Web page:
Sourjya Baibhabee Nath, Rotation Student (2021)

MSc. & BSc. in Biological Sciences, Indian Institute of Science Education and Research, India

I am interested in animal behavior and genetics. I did my master’s project partly at the Seoul National University in South Korea and at the Oklahoma State University in the US. I studied the relationship between MHC-II alleles and kin recognition behavior in Bufo gargarizans tadpoles. During my rotation in the Husnik Unit, my aim is to perform comparative genomics and microscopy of various endosymbiotic bacteria found in bacteriocytes of mealybugs. During my leisure time, I enjoy cooking new cuisines and going out drinking with friends.

Yong Heng Phua, Research Intern (2021)

BSc. student of Biology, Hokkaido University, Japan

I am an undergraduate student of Biology from Hokkaido University. I have been working on different species of Coolia dinoflagellates during my undergraduate course. During my internship, I plan to explore the interactions between marine dinoflagellates from Okinawa and their endosymbionts. When I am not working, I am usually cooking or hiking in the mountains.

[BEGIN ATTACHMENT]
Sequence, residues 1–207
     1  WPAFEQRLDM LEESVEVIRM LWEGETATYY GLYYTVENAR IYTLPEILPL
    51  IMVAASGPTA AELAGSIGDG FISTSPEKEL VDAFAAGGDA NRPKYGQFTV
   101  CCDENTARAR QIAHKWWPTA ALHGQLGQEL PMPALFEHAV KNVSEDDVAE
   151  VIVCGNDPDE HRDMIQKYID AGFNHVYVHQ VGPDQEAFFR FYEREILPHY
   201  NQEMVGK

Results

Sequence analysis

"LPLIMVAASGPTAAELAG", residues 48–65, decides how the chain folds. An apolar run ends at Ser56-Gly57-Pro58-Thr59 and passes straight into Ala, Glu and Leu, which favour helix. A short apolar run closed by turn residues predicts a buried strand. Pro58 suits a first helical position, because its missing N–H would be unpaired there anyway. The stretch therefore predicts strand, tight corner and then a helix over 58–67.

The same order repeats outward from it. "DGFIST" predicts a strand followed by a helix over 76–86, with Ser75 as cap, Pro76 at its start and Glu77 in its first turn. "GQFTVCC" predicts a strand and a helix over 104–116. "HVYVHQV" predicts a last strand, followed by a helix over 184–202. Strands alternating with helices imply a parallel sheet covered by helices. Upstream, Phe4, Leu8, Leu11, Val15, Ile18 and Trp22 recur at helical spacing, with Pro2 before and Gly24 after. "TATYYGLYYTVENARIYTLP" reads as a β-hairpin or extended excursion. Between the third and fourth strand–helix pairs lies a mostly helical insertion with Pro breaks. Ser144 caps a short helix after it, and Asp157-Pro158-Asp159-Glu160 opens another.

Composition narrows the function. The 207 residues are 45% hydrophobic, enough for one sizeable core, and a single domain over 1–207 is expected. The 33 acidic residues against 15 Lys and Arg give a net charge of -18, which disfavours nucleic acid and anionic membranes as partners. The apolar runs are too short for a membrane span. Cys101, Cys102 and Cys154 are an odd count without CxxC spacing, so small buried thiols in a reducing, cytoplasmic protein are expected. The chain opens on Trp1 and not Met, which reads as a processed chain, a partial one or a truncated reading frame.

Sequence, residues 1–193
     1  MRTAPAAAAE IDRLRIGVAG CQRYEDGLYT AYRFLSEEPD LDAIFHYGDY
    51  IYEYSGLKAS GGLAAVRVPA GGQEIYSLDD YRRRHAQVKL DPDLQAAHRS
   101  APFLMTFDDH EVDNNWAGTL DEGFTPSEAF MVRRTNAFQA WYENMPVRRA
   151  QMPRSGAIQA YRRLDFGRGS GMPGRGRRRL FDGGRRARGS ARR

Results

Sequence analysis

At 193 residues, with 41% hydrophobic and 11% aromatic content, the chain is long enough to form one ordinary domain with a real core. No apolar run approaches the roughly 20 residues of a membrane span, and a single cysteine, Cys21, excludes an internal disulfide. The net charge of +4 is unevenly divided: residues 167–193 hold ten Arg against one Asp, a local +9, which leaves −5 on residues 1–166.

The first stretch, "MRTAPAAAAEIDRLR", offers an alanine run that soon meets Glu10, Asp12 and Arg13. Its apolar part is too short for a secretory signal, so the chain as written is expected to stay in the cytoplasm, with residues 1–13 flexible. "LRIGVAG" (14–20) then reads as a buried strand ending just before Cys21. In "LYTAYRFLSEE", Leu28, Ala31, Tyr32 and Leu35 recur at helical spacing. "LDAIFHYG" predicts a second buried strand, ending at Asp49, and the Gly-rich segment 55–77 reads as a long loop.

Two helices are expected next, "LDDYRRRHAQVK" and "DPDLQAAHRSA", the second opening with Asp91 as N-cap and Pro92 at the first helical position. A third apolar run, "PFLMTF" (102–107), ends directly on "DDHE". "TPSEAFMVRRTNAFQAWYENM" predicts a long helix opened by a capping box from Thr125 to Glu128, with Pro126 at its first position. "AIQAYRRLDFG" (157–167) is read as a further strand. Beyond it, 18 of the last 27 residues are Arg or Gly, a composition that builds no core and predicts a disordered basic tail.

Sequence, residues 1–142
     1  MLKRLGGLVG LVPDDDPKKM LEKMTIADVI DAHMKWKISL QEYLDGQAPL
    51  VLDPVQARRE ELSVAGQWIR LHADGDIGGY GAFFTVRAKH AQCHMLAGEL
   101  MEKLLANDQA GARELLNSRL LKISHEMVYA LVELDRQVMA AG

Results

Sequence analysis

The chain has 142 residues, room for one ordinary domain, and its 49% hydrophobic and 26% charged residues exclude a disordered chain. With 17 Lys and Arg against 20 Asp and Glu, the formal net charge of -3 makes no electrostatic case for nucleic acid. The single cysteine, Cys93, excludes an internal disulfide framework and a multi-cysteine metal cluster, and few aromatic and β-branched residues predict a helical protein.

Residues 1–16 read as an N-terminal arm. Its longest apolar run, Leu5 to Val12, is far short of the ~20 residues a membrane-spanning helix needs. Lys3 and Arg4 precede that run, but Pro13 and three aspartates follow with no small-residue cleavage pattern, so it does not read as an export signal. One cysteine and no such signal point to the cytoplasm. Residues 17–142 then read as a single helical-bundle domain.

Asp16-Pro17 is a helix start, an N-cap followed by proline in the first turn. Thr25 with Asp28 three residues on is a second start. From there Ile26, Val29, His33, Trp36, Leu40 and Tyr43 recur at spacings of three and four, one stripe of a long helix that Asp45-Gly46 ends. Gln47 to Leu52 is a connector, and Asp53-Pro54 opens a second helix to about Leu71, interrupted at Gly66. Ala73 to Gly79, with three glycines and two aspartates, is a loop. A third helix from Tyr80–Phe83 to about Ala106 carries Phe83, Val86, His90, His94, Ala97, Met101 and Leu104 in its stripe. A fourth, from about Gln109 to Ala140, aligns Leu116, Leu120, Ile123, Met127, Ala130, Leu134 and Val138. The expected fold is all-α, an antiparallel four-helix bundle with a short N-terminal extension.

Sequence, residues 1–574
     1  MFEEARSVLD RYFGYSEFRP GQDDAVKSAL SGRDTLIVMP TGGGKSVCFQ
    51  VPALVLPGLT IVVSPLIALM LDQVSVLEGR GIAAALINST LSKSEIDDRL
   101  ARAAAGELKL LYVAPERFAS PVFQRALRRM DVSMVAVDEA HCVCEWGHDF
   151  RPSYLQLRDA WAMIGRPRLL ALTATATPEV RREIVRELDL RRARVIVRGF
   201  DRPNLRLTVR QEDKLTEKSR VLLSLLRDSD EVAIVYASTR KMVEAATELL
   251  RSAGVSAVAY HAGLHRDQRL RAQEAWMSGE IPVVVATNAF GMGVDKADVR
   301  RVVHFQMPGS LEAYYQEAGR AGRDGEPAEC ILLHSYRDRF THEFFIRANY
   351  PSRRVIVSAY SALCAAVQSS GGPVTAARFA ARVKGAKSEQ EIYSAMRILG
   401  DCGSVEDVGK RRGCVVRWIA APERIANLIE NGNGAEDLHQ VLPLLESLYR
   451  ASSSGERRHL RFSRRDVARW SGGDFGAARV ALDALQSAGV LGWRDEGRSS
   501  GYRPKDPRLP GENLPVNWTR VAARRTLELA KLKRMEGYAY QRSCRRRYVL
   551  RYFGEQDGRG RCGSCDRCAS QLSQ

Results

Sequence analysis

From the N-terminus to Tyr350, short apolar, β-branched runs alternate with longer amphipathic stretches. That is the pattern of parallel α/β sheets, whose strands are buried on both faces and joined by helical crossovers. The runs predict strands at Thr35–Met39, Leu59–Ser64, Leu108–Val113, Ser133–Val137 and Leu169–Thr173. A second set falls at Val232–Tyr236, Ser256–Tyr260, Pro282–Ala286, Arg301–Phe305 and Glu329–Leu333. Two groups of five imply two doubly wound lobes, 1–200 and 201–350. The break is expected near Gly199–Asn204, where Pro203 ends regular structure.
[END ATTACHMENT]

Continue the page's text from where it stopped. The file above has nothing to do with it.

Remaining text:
Koh Ishikawa, Research Intern (2020)

BSc. student of Medial Biosciences, Imperial College London, UK

I am currently an undergraduate studying Medical Biosciences at Imperial College London (UK). I am from Okinawa, but I have been studying abroad for most of my life, so it was nice to stay in Okinawa for an internship. During the internship, I mostly worked with marine protists such as diplonemids and foraminifera. I was involved in projects on 3D electron microscopy (SBF-/FIB-SEM) and I also helped establish single cell genomics and transcriptomics protocols for a pipetting robot in the lab. In my free time, I enjoy playing basketball, volleyball and going fishing. Joining the sports clubs in OIST is definitely recommended!